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Zynga exec backtracks on game cloning statements

Dan Porter argues his words have been misrepresented

Former OMGPOP CEO and GM of Zynga New York Dan Porter has had to clarify statements he made at a panel discussion in New York where he appeared to admit that Zynga copied games by other developers.

"Some of you have seen in the press that I supposedly said Zynga copies games," he said in a blog.

"I was very surprised when the article came out because it was a misrepresentation of what I said at a small talk about the future of gaming and where I talked mostly about wearable gaming and ramification of everyday events."

The statements he made were at a panel discussion hosted by Frank & Oak, an online clothing shop.

"Zynga is often accused of copying games, which is mostly true," he told the audience, adding that Zynga's talents were adding features to make those games a service. Those comments were then reported by Yahoo. He now says he wishes he hadn't touched on the subject at all.

"When I spoke to this group, I told them what I truly believe: the debate over copying games is a distraction if you are trying to figure out the future of social games; what matters is the ability to run those games as a service. But I also know that is a nuanced point and isn't quite as sexy a headline. I should know better. Lesson learned. Sometimes it is truly better to say nothing at all."

It's a sore point for Zynga, which has faced accusations of game cloning in the past, most notably from EA over its The Ville game, which bore a striking resemblance to The Sims Social and resulted in an out of court settlement, and developer Nimblebit's infographic showing how much Zynga's game Dream Heights resembled its hit Tiny Tower.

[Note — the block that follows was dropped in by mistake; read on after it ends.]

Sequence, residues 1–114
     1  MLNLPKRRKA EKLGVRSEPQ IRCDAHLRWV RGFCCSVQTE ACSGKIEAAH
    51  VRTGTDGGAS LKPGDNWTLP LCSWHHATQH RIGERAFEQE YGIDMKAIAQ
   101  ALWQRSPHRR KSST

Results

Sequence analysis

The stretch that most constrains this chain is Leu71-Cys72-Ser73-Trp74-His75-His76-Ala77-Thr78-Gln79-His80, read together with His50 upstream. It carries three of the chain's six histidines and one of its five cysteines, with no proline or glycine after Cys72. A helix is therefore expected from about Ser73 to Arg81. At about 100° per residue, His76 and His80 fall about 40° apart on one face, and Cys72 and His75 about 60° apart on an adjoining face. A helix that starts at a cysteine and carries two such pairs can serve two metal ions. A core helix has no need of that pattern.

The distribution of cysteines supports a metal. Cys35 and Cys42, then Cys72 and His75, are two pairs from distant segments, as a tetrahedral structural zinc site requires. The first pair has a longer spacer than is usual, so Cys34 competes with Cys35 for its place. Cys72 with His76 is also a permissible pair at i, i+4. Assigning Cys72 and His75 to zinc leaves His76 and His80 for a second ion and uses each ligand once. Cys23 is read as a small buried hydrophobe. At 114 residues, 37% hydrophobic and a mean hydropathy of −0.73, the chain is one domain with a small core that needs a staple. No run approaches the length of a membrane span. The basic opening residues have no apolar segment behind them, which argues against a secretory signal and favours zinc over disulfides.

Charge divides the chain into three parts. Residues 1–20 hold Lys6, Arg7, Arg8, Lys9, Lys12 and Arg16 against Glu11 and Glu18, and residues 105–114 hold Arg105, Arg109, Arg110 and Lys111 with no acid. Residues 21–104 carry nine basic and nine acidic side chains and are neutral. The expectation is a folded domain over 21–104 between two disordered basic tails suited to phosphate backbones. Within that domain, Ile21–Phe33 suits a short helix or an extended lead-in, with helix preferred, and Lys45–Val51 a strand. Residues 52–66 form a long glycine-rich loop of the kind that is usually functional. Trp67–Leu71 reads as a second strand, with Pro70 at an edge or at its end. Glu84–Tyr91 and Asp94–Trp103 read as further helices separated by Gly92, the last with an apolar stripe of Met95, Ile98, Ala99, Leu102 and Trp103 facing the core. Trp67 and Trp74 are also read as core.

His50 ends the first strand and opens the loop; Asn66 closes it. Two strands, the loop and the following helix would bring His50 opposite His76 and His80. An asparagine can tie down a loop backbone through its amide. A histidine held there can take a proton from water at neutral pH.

And it's not the first time Porter has courted controversy either. Last year he used Twitter to respond to an editorial by a former employee, which explained why he decided to leave the company rather than become a Zynga employee.

"The one OMGPOP employee who turned down joining Zynga was the weakest one on the whole team," tweeted Porter at the time. "Selfish people make bad games. Good riddance!"

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Rachel Weber

Senior Editor

Rachel Weber has been with GamesIndustry since 2011 and specialises in news-writing and investigative journalism. She has more than five years of consumer experience, having previously worked for Future Publishing in the UK.